I was recently at a nursing home to do a dementia training. As I walked down a hallway, I passed a woman in a wheelchair. Her wheelchair was being pushed by an employee. The employee seemed to have a sense of urgency and the speed at which she was pushing the wheelchair seemed excessive.
“Wow, you’re really moving,” I said.
“I don’t know where I am going but I am really going there, aren’t I?” she said. I laughed.
“Sounds like my life lately,” I said, without much thought.
On the way home, I thought more about her comment, and I realized that it really was a pretty accurate representative of my work life.
Creating the dementia simulation house has been quite a journey. It was never my goal to have a dementia simulation house. In fact, the possibility that we could have a dementia simulation house had never crossed my mind. I was working with my very supportive dean and department head to find a space that would be appropriate for dementia simulation.
And then someone said, “What about this house?”
It’s not on campus, but it’s owned by the university. It’s been married student housing. It’s been a rental. It’s hosted its share of house parties.
(It is not uncommon for someone to come to do the simulation, step into the house, and say, “Oh, I’ve been to a party here.”)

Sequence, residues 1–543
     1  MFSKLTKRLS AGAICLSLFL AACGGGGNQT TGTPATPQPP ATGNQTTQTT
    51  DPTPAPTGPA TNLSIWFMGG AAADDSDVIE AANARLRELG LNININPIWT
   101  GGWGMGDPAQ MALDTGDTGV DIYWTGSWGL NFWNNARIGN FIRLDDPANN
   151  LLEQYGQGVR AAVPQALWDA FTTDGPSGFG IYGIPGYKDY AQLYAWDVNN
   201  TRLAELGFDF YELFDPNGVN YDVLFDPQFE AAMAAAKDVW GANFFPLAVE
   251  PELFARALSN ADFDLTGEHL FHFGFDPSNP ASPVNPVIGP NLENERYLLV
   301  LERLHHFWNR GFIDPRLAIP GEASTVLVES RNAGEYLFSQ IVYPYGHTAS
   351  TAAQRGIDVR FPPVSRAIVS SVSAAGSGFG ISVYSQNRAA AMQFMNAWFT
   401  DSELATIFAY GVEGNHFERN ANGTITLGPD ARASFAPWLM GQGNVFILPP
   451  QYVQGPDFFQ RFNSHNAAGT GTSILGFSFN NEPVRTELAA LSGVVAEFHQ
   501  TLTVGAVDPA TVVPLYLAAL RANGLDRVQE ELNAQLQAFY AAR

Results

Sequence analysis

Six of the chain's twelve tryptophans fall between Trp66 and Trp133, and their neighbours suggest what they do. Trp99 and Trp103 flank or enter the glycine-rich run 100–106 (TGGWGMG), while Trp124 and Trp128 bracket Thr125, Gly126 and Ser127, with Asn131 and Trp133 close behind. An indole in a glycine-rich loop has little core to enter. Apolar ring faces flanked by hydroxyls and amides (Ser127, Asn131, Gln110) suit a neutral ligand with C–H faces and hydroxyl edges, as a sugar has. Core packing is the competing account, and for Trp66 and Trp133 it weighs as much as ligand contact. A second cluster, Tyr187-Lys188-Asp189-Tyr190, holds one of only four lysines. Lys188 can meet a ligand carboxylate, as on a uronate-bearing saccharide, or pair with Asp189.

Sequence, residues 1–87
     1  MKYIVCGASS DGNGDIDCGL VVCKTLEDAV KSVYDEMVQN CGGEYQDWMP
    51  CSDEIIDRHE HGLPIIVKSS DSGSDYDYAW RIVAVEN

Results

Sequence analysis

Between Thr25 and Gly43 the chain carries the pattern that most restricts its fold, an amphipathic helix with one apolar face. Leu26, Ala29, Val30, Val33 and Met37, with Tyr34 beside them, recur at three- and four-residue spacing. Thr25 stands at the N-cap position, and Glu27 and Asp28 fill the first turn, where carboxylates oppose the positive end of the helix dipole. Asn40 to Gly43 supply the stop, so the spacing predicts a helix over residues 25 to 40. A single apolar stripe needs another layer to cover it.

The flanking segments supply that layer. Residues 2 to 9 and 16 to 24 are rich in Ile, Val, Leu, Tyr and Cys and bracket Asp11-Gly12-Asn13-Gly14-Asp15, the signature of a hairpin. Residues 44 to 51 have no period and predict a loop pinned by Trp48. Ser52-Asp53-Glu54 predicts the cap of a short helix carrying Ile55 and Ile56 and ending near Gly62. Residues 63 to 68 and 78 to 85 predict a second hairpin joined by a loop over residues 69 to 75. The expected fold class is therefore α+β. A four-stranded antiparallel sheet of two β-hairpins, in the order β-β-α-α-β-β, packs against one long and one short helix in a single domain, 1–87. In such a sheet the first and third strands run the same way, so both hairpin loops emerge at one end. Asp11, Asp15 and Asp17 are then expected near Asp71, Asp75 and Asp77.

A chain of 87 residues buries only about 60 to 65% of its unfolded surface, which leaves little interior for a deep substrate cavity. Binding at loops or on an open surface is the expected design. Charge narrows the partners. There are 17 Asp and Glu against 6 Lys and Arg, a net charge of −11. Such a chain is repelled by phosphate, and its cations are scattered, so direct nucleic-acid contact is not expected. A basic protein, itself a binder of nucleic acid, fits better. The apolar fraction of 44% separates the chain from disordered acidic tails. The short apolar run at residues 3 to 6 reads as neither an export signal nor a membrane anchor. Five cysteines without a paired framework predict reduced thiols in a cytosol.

I fell in love with this very ordinary house.
So we had a dementia simulation house. I didn’t know where this house would take us, but I was excited for the journey.
I had no idea if anyone would be interested in coming. I set up an online booking system. And people booked. And more people booked. And then people complained that we were full and they couldn’t book.
My amazing team fell into place. I didn’t seek them out. They just kinda showed up. And they are absolutely the best.
My original teammate on this project was Megan Zimmerman, the Dementia Friendly Iowa Coordinator. Then Dr. Eran Hanke, a professor in the mental health counseling program, stepped forward and took an interest in the project. Both of them brought skills and knowledge that I didn’t have.
We have two student interns. They are both Gerontology majors. I remember telling one of them, “I feel like you’re my right hand,” because of how much I depend on them. Then in July I crashed my bike and broke my right arm. So that became literally true. (I am still in a sling for another week or two.)
Working with these women has been incredibly rewarding and really fun. We laugh a lot. Interesting things happen at the house….and we improv our way through them.
Somehow, we were in USA Today, the BCC, and MSN.
This is not what I planned. I just thought it would be cool to do some dementia simulations, and this amazing environment and team showed up to make this the incredible journey it has been.
We don’t know where we are going but we are really going there, aren’t we?